North American P-51H

The P-51H was the final production version of the Mustang. It was based on the light weight XP-51F, but with an extra 13 inches added to the fuselage. The new airframe featured a redesigned fuselage, wings and tail plane, although many of the changes were internal, and the new aircraft was visually similar to the P-51D. As well as reducing the weight of the aircraft, the changes also solved a problem with the balance of the aircraft that had been introduced when a fuselage fuel tank had been added. It was powered by the Packard Merlin V-1650-9 engine, capable of providing 1,380 hp in normal use, or 2,270 hp for short periods of war emergency power with water injection. The resulting aircraft had a top speed of 487 mph, making it the faster propeller driven aircraft to fly during the Second World War.

The P-51H did not see active service. It first flew on 3 February 1945, and did not enter operational service until after the end of the war. An initial order for 2000 aircraft was then reduced to one for 555. The P-51H equipped many Air Force units in the post-war years, before being replaced by the first generation of jet fighters. It also failed to see service in Korea, having been phased out of front line service before the outbreak of the war. It would be the P-51D (by then designated F-51D) that would see service in Korea.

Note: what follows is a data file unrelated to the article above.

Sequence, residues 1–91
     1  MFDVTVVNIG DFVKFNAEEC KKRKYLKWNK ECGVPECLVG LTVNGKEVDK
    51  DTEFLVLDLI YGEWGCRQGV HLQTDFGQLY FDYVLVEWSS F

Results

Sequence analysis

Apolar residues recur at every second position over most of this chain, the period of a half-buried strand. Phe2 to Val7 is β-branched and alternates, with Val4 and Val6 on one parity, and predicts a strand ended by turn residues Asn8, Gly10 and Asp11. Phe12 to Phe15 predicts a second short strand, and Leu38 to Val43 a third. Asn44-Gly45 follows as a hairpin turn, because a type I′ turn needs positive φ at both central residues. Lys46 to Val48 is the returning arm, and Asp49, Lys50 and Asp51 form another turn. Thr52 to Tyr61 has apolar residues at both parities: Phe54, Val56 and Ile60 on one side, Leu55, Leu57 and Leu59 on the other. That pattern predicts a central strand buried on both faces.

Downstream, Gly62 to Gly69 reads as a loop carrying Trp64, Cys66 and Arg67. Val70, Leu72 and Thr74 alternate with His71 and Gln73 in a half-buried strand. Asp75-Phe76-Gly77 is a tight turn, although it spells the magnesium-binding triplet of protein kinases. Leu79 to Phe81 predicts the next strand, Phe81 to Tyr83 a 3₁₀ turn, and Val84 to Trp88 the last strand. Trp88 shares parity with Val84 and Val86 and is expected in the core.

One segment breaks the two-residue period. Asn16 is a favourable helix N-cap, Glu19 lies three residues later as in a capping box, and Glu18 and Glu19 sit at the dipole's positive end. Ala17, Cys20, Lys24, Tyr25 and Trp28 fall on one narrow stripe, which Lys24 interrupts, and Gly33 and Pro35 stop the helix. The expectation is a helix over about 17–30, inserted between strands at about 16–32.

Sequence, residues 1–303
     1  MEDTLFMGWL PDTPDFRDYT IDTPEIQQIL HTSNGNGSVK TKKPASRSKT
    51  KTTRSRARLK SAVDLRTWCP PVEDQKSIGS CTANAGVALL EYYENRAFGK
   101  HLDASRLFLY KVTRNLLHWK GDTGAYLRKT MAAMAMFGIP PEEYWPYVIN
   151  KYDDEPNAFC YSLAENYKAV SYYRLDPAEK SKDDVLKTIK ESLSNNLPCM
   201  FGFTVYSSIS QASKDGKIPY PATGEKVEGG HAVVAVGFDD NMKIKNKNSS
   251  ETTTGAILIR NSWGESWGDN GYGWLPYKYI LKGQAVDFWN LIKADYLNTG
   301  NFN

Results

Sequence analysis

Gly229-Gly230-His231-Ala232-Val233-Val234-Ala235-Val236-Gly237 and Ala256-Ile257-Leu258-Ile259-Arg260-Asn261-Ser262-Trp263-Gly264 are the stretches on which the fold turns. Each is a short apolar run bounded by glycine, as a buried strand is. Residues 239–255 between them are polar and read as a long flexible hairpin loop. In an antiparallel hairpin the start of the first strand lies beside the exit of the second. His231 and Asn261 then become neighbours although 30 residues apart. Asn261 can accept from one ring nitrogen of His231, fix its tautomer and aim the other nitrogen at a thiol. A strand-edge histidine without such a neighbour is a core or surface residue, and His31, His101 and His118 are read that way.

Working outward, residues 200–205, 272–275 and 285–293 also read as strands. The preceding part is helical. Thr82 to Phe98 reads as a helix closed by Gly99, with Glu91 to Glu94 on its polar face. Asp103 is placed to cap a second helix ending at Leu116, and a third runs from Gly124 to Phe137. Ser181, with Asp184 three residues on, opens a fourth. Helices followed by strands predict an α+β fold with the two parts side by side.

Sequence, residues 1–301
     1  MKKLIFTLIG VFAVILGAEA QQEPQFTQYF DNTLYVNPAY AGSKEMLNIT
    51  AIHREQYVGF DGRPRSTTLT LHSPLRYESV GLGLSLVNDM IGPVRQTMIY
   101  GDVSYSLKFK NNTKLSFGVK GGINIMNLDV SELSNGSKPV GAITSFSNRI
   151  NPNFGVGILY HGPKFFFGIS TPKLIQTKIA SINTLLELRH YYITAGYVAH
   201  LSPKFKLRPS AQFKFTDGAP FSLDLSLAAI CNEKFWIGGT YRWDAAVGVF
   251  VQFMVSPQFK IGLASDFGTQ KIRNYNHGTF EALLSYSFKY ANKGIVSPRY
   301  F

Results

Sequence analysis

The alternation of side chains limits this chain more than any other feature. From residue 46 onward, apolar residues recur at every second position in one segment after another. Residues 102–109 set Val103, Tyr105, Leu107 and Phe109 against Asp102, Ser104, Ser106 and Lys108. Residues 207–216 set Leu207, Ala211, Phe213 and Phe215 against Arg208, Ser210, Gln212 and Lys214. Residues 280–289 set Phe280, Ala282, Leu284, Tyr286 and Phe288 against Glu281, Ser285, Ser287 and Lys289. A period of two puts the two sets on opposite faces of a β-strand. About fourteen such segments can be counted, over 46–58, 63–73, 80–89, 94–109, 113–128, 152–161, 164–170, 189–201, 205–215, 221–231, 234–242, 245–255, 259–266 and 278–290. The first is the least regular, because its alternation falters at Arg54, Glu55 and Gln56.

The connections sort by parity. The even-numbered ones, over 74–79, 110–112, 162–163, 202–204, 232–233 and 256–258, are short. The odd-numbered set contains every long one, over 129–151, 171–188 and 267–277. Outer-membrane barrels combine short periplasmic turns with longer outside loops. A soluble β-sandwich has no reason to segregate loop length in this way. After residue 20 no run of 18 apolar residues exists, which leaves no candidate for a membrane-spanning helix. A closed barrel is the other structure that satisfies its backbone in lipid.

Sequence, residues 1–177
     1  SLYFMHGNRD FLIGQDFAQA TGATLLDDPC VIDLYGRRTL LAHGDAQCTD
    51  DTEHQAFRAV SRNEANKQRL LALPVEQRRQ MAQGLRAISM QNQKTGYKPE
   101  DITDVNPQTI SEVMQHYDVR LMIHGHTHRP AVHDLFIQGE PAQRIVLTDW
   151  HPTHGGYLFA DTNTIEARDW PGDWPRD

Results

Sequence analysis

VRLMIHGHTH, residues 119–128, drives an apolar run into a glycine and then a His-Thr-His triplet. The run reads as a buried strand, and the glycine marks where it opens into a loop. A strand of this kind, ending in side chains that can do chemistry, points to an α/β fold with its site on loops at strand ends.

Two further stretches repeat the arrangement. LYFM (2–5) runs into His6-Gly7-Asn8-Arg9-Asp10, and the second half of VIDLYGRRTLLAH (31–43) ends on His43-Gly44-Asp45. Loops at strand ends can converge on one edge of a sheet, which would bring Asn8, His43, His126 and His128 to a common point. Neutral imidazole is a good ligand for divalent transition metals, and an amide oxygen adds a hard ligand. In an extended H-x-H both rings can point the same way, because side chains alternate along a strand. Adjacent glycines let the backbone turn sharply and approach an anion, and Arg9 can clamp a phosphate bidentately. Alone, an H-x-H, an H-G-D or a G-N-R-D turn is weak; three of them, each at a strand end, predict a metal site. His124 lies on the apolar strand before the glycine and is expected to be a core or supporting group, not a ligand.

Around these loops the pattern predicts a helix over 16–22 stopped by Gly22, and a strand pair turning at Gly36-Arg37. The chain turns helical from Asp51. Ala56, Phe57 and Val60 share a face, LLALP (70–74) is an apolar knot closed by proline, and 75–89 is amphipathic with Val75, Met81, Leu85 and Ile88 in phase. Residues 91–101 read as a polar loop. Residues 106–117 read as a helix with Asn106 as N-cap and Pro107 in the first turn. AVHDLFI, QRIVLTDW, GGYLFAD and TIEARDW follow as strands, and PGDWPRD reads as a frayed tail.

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How to cite this article: Rickard, J (7 June 2007), North American P-51H, http://www.historyofwar.org/articles/weapons_P-51H.html

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